The mean scores reported by the migrants for both the attitude of health workers and the waiting time were lower than those of the locals. Higher satisfaction with the attitude of health workers as perceived by the locals may reflect discrimination against migrants by the receiving societies because of their relatively lower socio-economic status. In China, the hukou system plays an important role in the allocation of economic resources, educational opportunities and other welfare benefits. Till now, how the hukou system shapes individuals’ attitudes towards disadvantaged migrants is not known. Nonetheless, Lei and Li [19] recommended that the abolition of the hukou system may reduce discrimination. Migrants reported to have waited longer than they expected to obtain health care services, possibly because they were mostly employed and their employment feature did not allow them paid sick leave [20]. In these circumstances they could visit the CHCs only during non-working hours, when most of their sick peers also came to visit the CHCs.

Migrants were more inclined to consider CHCs as their first point of contact, while local residents were more likely to recommend Traditional Chinese Medicine to their friends and relatives. Studies by Tung et al. [21] and Platonova et al. [22] demonstrated that patients’ satisfaction was a very strong and significant predicator of patients’ intention to choose the doctor and to recommend the primary care physician to others. Although no statistically significant difference in overall satisfaction between locals and migrants was identified in our study, significant differences in willingness to choose and to recommend primary health care were found. The choice of using CHCs as the first point of contact for migrants may be due to the structure of their health insurance scheme, which is often interrelated with their employers and working contracts, but may not necessarily be related to the quality of the services per se [9,23]. Traditional Chinese Medicine services, which were provided by CHCs as signature services, might be another reason prompting locals who were older as a group to seek health services from CHCs and to recommend them to others. This might reflect cultural belief differences between the old and the young [24].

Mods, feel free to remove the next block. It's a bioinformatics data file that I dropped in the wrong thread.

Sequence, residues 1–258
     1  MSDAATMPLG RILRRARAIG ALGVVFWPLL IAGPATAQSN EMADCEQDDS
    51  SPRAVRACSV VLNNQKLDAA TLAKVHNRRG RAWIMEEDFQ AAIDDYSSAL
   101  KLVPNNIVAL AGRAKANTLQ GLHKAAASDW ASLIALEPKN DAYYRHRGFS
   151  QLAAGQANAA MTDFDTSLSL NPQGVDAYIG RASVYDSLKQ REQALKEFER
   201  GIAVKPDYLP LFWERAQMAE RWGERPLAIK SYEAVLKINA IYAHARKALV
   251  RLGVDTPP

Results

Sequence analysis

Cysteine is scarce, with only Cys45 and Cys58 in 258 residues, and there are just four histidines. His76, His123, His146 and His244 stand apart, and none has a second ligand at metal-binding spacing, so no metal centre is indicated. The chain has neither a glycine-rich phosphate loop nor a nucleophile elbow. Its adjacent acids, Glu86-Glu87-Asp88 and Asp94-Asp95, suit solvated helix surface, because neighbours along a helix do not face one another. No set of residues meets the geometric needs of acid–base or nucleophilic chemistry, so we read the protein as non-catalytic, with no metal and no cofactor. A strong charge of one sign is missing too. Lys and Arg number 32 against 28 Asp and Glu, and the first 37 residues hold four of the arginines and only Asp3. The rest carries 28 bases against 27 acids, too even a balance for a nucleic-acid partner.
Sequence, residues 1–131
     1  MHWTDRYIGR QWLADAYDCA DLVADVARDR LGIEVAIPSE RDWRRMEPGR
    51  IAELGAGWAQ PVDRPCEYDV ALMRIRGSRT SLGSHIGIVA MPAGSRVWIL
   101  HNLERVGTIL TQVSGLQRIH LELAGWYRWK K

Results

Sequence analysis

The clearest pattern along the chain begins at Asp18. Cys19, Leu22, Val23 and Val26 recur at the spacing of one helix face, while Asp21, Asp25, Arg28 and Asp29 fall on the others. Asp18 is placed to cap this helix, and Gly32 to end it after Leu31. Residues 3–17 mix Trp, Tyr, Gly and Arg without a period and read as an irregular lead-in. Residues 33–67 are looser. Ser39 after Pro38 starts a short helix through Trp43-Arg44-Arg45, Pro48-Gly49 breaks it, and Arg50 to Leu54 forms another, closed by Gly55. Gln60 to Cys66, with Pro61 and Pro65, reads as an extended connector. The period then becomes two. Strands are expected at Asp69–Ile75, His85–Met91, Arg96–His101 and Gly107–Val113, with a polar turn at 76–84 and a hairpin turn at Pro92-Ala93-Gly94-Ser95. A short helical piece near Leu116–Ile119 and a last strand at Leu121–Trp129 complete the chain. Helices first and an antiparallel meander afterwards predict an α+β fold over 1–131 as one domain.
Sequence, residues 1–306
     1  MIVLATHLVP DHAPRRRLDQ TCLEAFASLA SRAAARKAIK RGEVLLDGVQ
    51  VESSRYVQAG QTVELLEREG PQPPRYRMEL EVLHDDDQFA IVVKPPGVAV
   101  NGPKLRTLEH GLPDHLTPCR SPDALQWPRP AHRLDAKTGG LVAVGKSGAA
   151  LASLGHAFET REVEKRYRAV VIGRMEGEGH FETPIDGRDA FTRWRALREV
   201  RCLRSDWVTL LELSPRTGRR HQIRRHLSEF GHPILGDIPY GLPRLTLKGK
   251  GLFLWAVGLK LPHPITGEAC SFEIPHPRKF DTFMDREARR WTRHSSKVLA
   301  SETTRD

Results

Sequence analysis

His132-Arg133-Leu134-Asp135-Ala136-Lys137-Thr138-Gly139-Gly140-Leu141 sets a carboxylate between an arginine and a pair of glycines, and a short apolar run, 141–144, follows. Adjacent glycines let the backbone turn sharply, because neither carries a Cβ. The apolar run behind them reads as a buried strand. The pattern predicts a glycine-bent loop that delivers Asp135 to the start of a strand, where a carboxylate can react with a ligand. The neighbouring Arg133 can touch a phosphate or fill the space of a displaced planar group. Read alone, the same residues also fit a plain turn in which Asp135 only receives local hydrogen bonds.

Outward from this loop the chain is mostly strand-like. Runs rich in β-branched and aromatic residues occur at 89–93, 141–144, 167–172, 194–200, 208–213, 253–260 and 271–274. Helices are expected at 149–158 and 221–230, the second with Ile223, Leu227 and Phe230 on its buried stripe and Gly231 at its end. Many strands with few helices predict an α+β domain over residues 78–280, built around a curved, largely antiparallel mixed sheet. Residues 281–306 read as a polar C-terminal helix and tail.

Implications for research and practice

Local residents and migrants in Shenzhen appeared to be equally satisfied with the quality of primary health care as measured by the overall patient satisfaction score. While this might reflect the true situation, we need to be aware that the respondents in this study were restricted to CHC users and caution should be used when interpreting the findings. Future studies using other indicators measuring primary health care quality, such as primary health care experiences as well as studies amongst non-CHC users, should be conducted to ensure diversity in the subjects.

The findings showed that migrants were reliant on the primary health care system, especially western medical services delivered by the CHCs, more so than the locals. In case disparity in actual waiting time (as opposed to perceived waiting time) really existed between migrants and locals, it would be a greater concern to the migrants who solely relied on the services under insurance constraint but were treated differently at CHCs, as compared to the locals, who would have more options in seeking care. Extending opening hours of CHCs may be one possible solution from the health care providers’ side to reduce migrants’ visits during peak hours, and thus shorten waiting times In addition, policies to encourage employers to provide paid sick leave to employees for health care should be considered. Furthermore, although the abolition of the hukou system may be an alternative to reduce discrimination (e.g., attitude) by health workers against migrants in the future, how to strengthen professional ethics education for health workers in CHCs should be considered by policy makers.

Conclusions

In summary, quality of primary health care given to migrants is less satisfactory than to local residents in terms of the attitude of health workers and waiting time. Our study suggests that extending opening hours of CHCs and providing paid sick leave for health care are possible approaches to shorten waiting time for migrants, while abolishing the hukou system and strengthening professional ethics education should be considered to reduce discrimination. Considering CHCs as the first choice by migrants might be due to their health insurance scheme, while locals’ recommendations for TCM were possibly because of cultural differences.

Competing interests

The authors declare that they have no competing interests.

Authors’ contribution

XLW, SG, SW and MW conceived of the study, and took part in its design. DZ and YJZ participated in the data collection and helped to draft the manuscript. HTL, RC and XLW were responsible for data analysis and interpretation. HTL, RC and XLW drafted the manuscript. XLW, SW, MW, JM and SG revised the draft for intellectual content. All authors read and approved the final manuscript.

Acknowledgements

The authors wish to thank the study participants for their contribution to the research. The authors would especially like to thank faculty members and undergraduates from The Chinese University of Hong Kong for their work in data collection. We are also grateful to the local administrators of Shenzhen City for their coordination assistance.

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Pre-publication history

The pre-publication history for this paper can be accessed here:

http://www.biomedcentral.com/1471-2296/15/76/prepub